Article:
The Nationals have officially moved on from Bryce Harper

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Last fall we heard that the Nationals offered Bryce Harper a ten-year, $300 million deal. Yesterday we learned that, in reality, it was not really a $300 million deal because a full one-third of that $300 million was deferred money. Today we hear that there has been nothing else doing between the Nationals and Harper since last fall and that the Nationals have, officially, moved on.

That’s the story from NBC Sports Washington, which spoke with Nats owner Mark Lerner today. Lerner said the roster is set and Bryce Harper is not going to be a part of it:

“We’ve moved on. As I said back then and we had to. There was no way we could wait around. Bryce, I’m sure will make his decision hopefully in the next few days, but we’ve filled out our roster and like I said, we wish him nothing but the best.”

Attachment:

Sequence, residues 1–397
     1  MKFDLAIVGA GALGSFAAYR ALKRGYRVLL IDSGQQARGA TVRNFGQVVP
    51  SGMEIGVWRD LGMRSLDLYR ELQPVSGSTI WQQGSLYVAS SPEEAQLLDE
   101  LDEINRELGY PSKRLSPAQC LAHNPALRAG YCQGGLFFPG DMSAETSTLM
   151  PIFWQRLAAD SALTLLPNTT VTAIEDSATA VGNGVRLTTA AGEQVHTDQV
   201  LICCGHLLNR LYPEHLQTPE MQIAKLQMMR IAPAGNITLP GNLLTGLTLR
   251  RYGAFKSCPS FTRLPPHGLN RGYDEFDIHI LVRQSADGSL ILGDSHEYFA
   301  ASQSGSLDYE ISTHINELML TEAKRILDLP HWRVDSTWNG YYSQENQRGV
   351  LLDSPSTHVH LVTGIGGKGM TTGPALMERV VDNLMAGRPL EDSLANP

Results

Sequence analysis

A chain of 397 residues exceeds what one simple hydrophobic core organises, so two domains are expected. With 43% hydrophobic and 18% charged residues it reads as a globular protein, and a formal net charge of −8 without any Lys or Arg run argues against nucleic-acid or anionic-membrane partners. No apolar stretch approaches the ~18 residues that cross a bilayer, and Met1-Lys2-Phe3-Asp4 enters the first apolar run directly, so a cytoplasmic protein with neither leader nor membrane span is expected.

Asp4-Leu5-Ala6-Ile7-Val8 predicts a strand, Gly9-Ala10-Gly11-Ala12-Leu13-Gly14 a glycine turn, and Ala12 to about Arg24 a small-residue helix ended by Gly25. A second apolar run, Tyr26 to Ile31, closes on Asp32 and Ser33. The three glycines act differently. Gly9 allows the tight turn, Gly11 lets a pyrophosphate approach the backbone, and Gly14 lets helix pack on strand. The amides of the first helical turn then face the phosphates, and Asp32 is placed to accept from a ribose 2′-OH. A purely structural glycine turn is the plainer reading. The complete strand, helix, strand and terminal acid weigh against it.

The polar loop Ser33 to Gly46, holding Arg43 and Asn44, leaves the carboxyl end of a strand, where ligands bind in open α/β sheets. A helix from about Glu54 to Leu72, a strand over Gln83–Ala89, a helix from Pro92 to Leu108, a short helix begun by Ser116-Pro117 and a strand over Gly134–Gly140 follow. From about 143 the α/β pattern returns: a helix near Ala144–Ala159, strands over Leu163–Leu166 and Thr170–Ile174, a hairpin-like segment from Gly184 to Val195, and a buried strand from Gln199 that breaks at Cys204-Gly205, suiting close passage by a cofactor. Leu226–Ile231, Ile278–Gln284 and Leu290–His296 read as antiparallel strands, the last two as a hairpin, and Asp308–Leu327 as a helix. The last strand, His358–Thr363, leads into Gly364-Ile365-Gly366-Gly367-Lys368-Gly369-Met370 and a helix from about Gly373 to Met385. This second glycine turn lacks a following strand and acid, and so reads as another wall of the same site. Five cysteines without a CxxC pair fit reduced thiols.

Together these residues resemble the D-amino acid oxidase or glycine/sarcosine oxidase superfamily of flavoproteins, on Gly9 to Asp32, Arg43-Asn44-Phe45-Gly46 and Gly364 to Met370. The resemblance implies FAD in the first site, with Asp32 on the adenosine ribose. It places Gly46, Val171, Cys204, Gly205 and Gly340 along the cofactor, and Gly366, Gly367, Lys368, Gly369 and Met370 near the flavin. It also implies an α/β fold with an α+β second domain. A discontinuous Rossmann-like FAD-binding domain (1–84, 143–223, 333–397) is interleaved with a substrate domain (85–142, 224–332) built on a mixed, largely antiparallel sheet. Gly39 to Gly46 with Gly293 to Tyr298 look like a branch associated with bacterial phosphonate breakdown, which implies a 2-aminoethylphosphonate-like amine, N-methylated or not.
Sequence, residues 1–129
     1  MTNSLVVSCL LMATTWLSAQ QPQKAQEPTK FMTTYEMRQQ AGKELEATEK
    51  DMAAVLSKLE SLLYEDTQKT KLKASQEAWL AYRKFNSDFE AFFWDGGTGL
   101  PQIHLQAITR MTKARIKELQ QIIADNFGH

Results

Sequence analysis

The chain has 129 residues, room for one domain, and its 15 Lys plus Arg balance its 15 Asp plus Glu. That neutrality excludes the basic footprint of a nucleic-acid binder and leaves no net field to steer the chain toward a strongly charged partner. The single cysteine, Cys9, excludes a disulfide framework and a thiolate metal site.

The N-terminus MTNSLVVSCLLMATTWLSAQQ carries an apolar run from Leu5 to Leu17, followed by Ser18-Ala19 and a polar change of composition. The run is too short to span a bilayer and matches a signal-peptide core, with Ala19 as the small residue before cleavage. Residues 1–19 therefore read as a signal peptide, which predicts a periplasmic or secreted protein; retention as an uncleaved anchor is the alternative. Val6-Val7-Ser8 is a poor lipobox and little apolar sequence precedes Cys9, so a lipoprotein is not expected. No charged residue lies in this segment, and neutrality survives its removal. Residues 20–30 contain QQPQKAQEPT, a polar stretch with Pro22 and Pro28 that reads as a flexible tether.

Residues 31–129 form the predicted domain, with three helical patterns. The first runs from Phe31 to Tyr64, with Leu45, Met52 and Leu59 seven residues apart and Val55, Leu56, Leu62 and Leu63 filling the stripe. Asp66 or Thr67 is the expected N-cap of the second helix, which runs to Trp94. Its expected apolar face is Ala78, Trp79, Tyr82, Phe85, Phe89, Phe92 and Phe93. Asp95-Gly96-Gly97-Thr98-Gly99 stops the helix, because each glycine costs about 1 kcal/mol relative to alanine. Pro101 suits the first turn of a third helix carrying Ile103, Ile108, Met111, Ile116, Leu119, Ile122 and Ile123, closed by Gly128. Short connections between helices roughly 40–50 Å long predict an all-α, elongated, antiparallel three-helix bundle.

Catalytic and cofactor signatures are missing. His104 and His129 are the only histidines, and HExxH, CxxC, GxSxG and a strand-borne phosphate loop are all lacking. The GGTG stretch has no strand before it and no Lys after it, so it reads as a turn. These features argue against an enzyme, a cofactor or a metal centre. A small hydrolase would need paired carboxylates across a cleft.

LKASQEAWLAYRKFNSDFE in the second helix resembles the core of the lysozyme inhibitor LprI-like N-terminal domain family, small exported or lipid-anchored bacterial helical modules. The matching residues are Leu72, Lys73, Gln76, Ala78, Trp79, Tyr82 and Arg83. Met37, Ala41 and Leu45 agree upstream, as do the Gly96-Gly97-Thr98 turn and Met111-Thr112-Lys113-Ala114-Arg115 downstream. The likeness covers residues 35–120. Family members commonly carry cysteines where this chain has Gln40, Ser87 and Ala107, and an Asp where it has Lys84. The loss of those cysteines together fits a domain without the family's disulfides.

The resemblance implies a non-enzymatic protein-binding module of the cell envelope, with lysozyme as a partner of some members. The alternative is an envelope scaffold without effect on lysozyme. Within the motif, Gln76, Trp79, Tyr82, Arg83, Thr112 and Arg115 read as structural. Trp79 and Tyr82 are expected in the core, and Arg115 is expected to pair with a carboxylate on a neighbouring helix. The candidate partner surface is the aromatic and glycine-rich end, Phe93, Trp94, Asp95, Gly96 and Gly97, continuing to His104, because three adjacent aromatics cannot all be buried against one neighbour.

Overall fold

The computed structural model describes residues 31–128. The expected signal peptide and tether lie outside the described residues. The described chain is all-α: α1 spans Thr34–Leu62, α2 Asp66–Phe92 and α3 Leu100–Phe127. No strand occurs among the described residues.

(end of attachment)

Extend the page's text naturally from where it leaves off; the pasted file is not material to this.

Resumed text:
He did add later that “the door is cracked” if Harper and his agent, Scott Boras, wish to re-engage, but Lerner said he has not heard from the Harper camp in months.

It seems like Philly or, possibly, San Francisco, are the only real contenders. A reporter closely connected with Harper’s agent is saying the Padres haven’t ruled him out, but it’s hard to know how seriously to take that report.

Cody Bellinger continues to lead all All-Star vote-getters

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As you’ll recall, we have a new All-Star voting system in place this year. It’s a two-tiered system.

The “the Primary,” is underway and runs through June 21. That’s just the regular “vote for whoever you want stuff.” After it’s over, the top three vote-getters at each position will then be placed on a new ballot — “The Starter’s Election” — from which fans will then vote again during a single 28-hour period to decide who starts the All-Star Game. The results of that will be announced on June 27. The bench guys and pitchers and stuff will be chosen as usual, with full rosters announced a couple of days later.

Major League Baseball just gave us an update of who’s leading the primary. The overall leaders at each position break down thusly:

Here are the more extensive leaderboards, with the shaded names belonging to players who, if voting stopped now, would make the second round. First, the American League:

And now the National League:

Vote early, vote often.